Gia Arora
3 min readJan 7, 2024

An excellent way to check if an old book is worth reading is by seeing if it has ever been banned.

Photo by Natalia Y. on Unsplash

On a cold January morning in 1914, James Joyce published the first part of A Portrait of the Artist as a Young Man. In that very part, on a similarly cold morning just after Christmas Break, Stephen Dedalus stood huddled with other Clongowes students and watched the snow moulding itself around their boots, wondering what made Simon Moonan and Tusker Boyle, in all their ordinariness, kiss in the square.

Napoleon Bonaparte was not born Napoleon Bonaparte. He was born Napoleon Buonaparte. Napoleon Buonaparte was not born in France, but he was born French the way Americans are born British. Of course, they’ve forgotten that by now. They often aren’t allowed to remind themselves, either.

There is very little to say about Fahrenheit 451 that it has not already said about itself. Any review of it is only ever a paraphrasing of some chapter or other, intentionally or otherwise. In the past twenty years, it has been banned at least ten times in the US alone. I imagine censoring a book about censorship gave many people the opportunity to pat themselves on the back. Unfortunately, their intentions, however malevolent, are misplaced. In the book, the people are on the side of banning books. There is no oppression, and no need for revolution. The bars caging a mind are not so easy to topple. The guillotine falls over an empty basket, and symbolism overflows from an empty cup. There is nothing to overthrow when the fault lies with time.

History. What a heavy word.

Christopher Marlow was excommunicated by the Church, and so was one of Shakespeare’s daughters. It is claimed that he based Ophelia off of his wife. I wonder why.

Five years after that day in the square, Stephen Dedalus refused to back down from his claim of Byron’s brilliance. Words like “blasphemous” and “irreligious” pooled around his feet. He cupped his hands in the water and lapped it up. Everything I write now contains some shred of Stephen’s name. I wonder why.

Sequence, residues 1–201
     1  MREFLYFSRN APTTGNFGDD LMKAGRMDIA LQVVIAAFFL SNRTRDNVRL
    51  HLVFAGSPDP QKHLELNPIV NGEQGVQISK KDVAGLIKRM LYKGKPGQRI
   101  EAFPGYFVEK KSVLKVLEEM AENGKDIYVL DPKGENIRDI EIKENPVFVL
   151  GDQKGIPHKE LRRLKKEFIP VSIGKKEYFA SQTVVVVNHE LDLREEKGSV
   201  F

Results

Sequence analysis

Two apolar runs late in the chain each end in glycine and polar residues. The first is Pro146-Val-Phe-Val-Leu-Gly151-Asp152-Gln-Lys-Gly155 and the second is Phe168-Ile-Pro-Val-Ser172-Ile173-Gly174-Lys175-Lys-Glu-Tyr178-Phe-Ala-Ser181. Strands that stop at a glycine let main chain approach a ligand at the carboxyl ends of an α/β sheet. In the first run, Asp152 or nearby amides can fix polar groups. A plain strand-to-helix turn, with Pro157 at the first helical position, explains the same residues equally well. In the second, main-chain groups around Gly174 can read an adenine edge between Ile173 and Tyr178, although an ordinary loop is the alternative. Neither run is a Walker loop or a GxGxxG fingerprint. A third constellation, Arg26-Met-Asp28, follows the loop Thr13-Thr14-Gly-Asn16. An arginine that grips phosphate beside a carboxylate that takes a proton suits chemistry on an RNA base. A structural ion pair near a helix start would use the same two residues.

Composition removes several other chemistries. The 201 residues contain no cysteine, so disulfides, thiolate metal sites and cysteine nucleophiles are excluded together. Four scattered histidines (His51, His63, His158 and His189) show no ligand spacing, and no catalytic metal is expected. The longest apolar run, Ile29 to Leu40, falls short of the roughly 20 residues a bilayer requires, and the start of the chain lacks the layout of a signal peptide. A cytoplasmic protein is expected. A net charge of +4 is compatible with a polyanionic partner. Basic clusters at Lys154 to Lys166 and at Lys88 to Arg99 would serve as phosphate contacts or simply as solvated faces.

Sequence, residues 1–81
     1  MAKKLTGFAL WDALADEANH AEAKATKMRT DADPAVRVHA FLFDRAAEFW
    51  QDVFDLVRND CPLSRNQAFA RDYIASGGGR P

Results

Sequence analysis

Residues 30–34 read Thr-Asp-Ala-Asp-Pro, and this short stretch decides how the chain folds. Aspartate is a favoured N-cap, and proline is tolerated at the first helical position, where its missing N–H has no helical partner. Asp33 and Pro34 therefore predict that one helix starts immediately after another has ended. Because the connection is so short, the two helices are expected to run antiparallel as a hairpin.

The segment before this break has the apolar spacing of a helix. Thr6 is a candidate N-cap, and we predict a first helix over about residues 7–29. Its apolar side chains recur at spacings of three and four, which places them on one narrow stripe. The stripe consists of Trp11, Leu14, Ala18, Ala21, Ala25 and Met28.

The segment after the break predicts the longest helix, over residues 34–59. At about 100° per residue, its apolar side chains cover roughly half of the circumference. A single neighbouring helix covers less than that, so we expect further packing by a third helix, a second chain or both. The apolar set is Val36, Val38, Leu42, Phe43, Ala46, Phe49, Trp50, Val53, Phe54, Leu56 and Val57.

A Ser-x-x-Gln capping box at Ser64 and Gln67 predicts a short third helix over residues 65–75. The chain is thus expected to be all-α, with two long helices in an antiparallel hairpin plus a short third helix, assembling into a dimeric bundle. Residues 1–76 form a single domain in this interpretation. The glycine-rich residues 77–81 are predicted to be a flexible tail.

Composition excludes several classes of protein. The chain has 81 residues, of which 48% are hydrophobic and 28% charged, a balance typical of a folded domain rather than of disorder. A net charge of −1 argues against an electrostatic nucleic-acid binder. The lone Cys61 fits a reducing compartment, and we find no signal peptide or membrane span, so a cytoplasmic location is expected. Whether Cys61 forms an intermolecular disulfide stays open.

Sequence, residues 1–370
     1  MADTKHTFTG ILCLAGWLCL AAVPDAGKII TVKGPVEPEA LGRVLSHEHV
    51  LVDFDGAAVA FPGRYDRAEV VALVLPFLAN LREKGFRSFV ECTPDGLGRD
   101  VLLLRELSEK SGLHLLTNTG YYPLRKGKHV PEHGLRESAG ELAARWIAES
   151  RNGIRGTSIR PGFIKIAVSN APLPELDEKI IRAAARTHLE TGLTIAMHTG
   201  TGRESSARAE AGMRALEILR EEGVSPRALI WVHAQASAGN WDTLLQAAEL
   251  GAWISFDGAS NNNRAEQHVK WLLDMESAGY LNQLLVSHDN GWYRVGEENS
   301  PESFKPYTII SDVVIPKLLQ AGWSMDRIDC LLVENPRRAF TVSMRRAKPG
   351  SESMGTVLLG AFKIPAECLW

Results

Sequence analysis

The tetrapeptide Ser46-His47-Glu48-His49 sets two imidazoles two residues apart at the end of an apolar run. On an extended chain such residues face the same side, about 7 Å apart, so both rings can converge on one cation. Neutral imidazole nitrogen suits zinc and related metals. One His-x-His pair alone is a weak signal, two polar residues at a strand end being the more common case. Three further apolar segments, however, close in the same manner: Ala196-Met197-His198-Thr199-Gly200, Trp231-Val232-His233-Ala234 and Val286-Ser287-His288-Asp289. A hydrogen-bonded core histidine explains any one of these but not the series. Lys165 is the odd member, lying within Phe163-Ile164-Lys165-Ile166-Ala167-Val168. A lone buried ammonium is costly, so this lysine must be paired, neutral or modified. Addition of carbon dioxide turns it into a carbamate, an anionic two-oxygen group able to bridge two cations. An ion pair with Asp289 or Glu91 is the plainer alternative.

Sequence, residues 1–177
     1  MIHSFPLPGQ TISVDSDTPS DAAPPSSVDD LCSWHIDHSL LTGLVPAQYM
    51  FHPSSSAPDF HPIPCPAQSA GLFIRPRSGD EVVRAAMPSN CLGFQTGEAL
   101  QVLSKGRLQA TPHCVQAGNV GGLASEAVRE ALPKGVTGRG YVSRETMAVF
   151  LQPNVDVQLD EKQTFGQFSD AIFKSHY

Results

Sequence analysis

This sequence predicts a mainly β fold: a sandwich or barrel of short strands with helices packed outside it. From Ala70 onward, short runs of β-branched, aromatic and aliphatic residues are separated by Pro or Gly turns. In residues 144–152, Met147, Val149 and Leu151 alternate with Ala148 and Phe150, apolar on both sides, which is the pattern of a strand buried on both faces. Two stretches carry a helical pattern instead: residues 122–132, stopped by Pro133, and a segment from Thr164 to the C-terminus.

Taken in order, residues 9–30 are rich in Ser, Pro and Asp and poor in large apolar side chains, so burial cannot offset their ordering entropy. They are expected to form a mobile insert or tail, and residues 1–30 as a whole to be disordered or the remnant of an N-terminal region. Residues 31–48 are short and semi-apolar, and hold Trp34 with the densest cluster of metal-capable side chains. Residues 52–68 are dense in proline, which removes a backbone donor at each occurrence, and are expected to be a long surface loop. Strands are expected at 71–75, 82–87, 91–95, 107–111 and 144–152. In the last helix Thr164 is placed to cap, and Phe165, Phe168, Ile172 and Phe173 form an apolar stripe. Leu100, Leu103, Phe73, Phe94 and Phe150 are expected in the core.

Why is a muse called a muse? To muse is to think, to think deeply. Is a muse’s job to be a conductor of thought? Must all thought be equivalent to love? Why does the word smell like the thickest honey? Why does it sit so heavily on my tongue?

Icarus never meant to fall. If he raced toward the sun, it was only to prove that he could. And he was never on fire. Oh, he burned, alright — the melting wax made sure of it. Did he grasp at the feathers as they came free from the harness? Did he watch them drifting towards the sea? Did he notice anything happening at all? For a moment, a brief, shining moment, the sun was neither hope nor doom, but triumph.

I never could write anything on either the 31st or the 1st. There is something about endings, and something about beginnings. The sun dawned the same on New Year’s Day, but at the stroke of midnight, my phone sang like I lived my whole life before the first light.

Fifteen years after that day in the square, Stephen Dedalus parted with Cranly, unafraid of being alone,

“— and not have any one person who would more than a friend, more even than the noblest and truest friend a man ever had.”

“Of whom are you speaking?” Stephen asked at length.

Cranly did not answer.

They met again, and sixteen years after Oscar’s death, James Joyce retraced his name in “Wilde’s love that dare not speak its name” in a book I have yet to read.

It’s funny how they ban books written centuries ago. Congratulations, John, a pre-industrialization schoolmaster had a wider mind than yours. A clod of dirt shifts as Shakespeare turns in his grave.

History. What a heavy word. I used to think we owed it something.